This 1953 play concerns the events of the infamous Salem witch trials of 1692, and was intended by the author to draw an analogy with McCarthyism, which at that time was scarring US public discourse. Given that the witch trials resulted in deaths of innocent people, an even more appropriate comparison would be with the denunciatory atmosphere of Stalinism, especially in the purges of the late 1930s. Another contemporary (to us) comparison that came to my mind was with the political echo chambers that exist, especially on social media, on both the right and the left; as the modern day universal narrator says in Act 1: "A political policy is equated with moral right, and opposition to it with diabolical malevolence". The play is a gripping drama, with an unfolding air of suspicion and malice that ends up swallowing almost all of the main characters. Even discounting its political significance, it's a great piece of literature. ( )
  john257hopper | Mar 7, 2021 |
In preparation for the kids' covering it for lit. ( )
  mullinstreetzoo | Feb 12, 2021 |
Provocative, timely content mixed with a wildly inconsistent play format made this a mixed-bag read. It was engaging at an ideas level, but it frustrated me from a craft level. I want to see this performed to understand how they translate the pages and pages of contextual writing. ( )
  DrFuriosa | Dec 4, 2020 |
Showing 1-5 of 131 (next | show all)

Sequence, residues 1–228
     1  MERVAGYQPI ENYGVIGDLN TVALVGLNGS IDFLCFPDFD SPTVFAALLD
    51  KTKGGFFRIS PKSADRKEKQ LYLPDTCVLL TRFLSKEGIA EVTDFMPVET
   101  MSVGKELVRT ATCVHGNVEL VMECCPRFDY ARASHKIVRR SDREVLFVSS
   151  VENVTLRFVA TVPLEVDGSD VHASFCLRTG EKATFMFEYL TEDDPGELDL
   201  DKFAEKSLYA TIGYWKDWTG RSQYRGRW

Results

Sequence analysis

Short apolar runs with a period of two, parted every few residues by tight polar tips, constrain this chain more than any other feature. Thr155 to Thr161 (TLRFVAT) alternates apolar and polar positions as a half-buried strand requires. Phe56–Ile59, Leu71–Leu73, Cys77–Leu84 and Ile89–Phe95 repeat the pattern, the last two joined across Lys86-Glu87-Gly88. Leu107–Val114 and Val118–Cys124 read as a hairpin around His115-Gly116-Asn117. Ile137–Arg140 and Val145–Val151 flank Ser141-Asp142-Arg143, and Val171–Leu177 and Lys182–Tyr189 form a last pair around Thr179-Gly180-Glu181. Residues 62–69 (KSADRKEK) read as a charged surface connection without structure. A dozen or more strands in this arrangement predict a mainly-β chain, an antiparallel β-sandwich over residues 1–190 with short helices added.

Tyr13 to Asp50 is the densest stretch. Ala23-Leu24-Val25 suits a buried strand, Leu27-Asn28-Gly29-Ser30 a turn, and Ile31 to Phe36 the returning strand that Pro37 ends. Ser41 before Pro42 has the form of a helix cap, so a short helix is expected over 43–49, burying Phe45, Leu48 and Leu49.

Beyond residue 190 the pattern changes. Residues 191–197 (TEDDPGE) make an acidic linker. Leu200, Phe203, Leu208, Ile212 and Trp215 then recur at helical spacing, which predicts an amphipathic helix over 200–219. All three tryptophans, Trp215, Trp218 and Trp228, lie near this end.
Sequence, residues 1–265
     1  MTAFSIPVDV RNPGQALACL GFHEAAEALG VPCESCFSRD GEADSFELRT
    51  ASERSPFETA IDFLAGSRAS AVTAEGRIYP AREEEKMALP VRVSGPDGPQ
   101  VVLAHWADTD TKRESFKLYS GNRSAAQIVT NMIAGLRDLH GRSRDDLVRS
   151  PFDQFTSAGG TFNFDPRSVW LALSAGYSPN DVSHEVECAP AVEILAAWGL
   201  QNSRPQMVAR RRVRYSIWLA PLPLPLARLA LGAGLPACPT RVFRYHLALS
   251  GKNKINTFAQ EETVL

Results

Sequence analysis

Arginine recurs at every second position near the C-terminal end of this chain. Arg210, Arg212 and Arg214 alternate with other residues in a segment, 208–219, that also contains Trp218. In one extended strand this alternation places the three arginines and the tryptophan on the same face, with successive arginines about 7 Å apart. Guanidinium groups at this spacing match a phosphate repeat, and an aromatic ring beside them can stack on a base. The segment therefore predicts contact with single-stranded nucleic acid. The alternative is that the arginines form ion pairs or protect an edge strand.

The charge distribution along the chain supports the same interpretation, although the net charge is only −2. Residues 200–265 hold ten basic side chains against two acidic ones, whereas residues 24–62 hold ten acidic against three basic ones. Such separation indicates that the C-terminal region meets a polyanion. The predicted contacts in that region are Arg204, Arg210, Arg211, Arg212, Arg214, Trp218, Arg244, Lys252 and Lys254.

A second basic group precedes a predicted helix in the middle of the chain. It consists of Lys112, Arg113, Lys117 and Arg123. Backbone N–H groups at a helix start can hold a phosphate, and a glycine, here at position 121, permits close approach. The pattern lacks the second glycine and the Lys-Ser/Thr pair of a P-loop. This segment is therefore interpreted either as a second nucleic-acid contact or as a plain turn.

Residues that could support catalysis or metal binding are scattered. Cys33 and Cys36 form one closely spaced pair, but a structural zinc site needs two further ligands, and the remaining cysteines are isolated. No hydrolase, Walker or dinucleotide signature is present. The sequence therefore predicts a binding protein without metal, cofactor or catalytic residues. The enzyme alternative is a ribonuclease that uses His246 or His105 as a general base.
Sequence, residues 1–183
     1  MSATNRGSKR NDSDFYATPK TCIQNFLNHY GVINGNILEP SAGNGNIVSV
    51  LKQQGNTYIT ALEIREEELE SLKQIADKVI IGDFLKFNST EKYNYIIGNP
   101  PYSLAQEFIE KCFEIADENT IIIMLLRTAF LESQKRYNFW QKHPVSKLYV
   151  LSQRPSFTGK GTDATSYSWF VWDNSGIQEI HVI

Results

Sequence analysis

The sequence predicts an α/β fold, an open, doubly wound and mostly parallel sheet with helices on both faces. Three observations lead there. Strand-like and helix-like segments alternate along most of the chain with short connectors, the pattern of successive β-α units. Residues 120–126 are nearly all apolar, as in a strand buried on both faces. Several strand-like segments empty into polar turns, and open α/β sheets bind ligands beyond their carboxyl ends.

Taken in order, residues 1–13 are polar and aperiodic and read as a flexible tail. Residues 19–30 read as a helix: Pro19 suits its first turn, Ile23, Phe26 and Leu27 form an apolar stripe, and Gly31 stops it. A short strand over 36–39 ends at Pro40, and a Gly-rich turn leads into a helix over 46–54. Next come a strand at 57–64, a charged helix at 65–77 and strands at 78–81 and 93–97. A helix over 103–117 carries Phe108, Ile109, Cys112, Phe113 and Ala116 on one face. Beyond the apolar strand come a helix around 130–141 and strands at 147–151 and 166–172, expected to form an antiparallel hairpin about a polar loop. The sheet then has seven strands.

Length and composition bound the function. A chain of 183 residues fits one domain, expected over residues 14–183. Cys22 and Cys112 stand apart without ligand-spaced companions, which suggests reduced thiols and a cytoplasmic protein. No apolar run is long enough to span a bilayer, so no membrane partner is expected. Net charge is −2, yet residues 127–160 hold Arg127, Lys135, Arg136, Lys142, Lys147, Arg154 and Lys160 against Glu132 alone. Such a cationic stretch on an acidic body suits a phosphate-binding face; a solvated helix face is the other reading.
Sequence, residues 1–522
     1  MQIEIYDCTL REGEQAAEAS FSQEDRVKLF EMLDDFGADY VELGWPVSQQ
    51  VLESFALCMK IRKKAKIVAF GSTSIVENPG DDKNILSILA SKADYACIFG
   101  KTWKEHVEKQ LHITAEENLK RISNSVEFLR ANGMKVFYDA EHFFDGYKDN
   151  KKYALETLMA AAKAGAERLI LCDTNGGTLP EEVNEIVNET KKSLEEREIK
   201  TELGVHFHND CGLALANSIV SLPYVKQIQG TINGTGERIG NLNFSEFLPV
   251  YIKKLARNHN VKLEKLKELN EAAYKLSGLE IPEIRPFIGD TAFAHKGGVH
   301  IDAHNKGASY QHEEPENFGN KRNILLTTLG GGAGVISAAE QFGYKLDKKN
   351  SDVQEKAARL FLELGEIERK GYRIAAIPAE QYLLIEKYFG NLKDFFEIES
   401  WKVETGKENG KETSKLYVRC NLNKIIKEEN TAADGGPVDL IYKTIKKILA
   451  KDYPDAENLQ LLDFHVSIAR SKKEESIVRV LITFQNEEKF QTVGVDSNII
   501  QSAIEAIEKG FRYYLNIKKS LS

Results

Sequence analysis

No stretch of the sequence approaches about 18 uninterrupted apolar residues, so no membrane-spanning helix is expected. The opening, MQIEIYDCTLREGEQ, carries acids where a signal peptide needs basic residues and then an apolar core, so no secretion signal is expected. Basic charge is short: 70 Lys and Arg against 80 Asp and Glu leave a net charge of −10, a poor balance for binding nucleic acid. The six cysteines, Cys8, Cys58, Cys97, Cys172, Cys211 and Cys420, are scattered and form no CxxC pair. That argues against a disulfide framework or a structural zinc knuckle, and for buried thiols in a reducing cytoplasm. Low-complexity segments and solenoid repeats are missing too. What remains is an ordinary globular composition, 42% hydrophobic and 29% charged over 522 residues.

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» Add other authors (31 possible)

Author nameRoleType of authorWork?Status
Miller, ArthurAuthorprimary authorall editionsconfirmed
Bigsby, ChristopherIntroductionsecondary authorsome editionsconfirmed
Bigsby, ChristopherIntroductionsecondary authorsome editionsconfirmed
Dreyfuss, RichardNarratorsecondary authorsome editionsconfirmed
Keach, StaceyNarratorsecondary authorsome editionsconfirmed
Watts, RichardIntroductionsecondary authorsome editionsconfirmed
Wood, E. R.Introductionsecondary authorsome editionsconfirmed
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For Mary
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A small upper bedroom in the home of Reverend Samuel Parris, Salem, Massachusetts, in the spring of the year 1692.
A Note on the Historical Accuracy of This Play

This play is not history in the sense in which the word is used by the academic historian.
Quotations
PROCTOR: I have trouble enough without I come five mile to hear him preach only hellfire and bloody damnation. Take it to heart, Mr. Parris. There are many others who stay away from church these days because you hardly ever mention God any more.